Liechtenstein vs “A-Geothermal Finance AG”, December 2021, Administrative Court, Case No VGH 2021/085

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“A-Geothermal Finance AG” (A AG) financed geothermal projects developed by the E GmbH. The sole shareholder is af A AG. Since 2012, B has also been the sole shareholder of C AG. C AG holds as a subsidiary E GmbH with developed two geothermal projects. These projects were financed by A AG, namely with loans to E GmbH, which forwarded the loan amounts to F S.p.a.

In the period from November 2010 to March 2017, A AG granted a large number of loans ranging from EUR 10,000.00 to EUR 270,000.00. At the end of 2017, loans receivable (including interest in arrears on the loan) from E GmbH, amounted to CHF 9,397,427.00.

A AG made value adjustments on this amount, namely in 2016 in the amount of CHF 7,676,057.00 and in 2017 in the amount of CHF 1,721,370.00.

The tax administration did not recognize these value adjustments as tax deductible business-related operating expenses, essentially with the argument that the granting of the loan did not stand up to the arm’s length principle.

An appeal was filed by A AG.

Judgement of the Administrative Court

The Court dismissed the appeal against the decision and the decision of the tax authorities upheld.

“The complainant argues in point 2 of its complaint that the lower courts should have clarified the complainant’s intentions and motivations in connection with the considerable advance payments and investments made – i.e. the loans granted – by examining witnesses and parties.
This is not the case, because even if the complainant’s intentions and motivations were established as alleged by the complainant, an independent third party would not have made the loans and advance payments that are the subject matter of the proceedings. Thus, even if B, as a member of the competent administrative bodies of the “geothermal group”, had tacitly or even verbally promised a third party that he would provide him with a general contractor contract with a turnover of approximately EUR 16 million if the foreign state granted the concession for the construction of the two geothermal plants, the independent third party would not have granted such loans as the complainant did.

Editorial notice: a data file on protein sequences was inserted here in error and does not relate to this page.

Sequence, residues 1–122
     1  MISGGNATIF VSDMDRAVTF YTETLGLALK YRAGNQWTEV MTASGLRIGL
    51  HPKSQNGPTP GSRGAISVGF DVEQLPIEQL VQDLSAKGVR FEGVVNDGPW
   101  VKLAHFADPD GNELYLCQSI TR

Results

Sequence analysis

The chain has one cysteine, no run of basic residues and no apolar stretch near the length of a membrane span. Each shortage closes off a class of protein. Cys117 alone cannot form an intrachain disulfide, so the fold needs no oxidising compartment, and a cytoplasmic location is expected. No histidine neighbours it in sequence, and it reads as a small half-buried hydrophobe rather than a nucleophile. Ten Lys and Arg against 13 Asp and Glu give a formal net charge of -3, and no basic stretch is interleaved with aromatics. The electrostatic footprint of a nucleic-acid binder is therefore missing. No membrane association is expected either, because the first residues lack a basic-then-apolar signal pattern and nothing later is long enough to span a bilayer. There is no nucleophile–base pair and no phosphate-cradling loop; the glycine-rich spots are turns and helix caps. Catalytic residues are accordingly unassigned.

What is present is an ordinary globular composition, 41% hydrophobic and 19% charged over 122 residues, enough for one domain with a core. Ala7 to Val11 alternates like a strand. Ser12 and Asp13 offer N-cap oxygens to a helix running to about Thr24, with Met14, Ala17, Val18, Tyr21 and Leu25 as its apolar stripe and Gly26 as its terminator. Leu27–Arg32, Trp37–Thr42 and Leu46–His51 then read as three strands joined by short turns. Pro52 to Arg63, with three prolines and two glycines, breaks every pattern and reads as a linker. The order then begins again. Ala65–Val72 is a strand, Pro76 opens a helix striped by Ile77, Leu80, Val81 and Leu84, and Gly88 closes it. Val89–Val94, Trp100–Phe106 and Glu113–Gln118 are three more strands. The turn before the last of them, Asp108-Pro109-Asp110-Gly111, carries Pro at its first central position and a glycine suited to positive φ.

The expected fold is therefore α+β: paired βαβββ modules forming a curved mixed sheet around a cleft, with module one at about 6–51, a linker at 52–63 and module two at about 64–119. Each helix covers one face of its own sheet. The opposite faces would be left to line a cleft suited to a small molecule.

“In points 5.3 and 5.4 of its complaint, the complainant argues that it therefore did not provide F S.p.a. and E GmbH with its own funds, because the external financing on the part of the complainant was intended to ensure that, if the project had been successful and a third party investor had entered, the complainant’s investments would have existed as a debt in F S.p.a. and would therefore have had to be satisfied first. This ensured that the complainant would be the first to get back the money it had invested if the project had been successful. The structure chosen in this case had been the best possible and only possible one for participation in the tender. The initiative for the development of geothermal projects had always come from the complainant, which was why the project had also been carried out in the complainant’s interest and at its risk. The security of the pledge of the shares in F S.p.a. would not have resulted in any additional benefit because of the complete control.
These arguments do not change the assessment that a third party would not have provided the loans and advance payments at issue in the proceedings at the conditions that the complainant provided and were promised to it.
If the complainant had participated in F S.p.a. as sole shareholder from the beginning – which it could also have done indirectly via C AG or E GmbH – it would have had the chance to obtain its profit if the geothermal projects had been successful. With such a participation, the complainant would have been free to make the loans and advance payments at issue in the proceedings as such. The complainant would therefore not have been forced to provide the amount of over EUR 7 million that was the subject of the proceedings as equity capital of the foreign company. Thus, the chosen structure, namely that B rather than the complainant holds the “geothermal group” and that the complainant grants the risk capital in the form of loans, was by no means the only and, moreover, the best possible variant.
In summary, the “structure” chosen meant that the complainant had to bear the entire risk associated with the planning and development of the two geothermal projects, at least until the concession was granted by the foreign state. In return, the complainant obtained a written guarantee of a relatively low interest rate on the loans it had granted. In addition, it hoped that after the concession was granted by the foreign state, it would be awarded a contract that it could carry out at a profit – if possible with around EUR 10 million. However, the profit opportunities associated with the geothermal projects – up to EUR 200 million – would not have been available to it, but to its sole shareholder B.
Such a structure does not stand up to the arm’s length principle: an independent third party would not have entered into the commitment that the complainant did.
From an ex post perspective, it must be noted that only the risk associated with the geothermal projects materialised and the loans and advance payments made by the complainant were lost. Because these services do not stand up to the arm’s length principle, they may not be claimed as tax reductions.
For all these reasons, the appeal of 23 September 2021 is not justified”

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Liechtenstein VGH2021085

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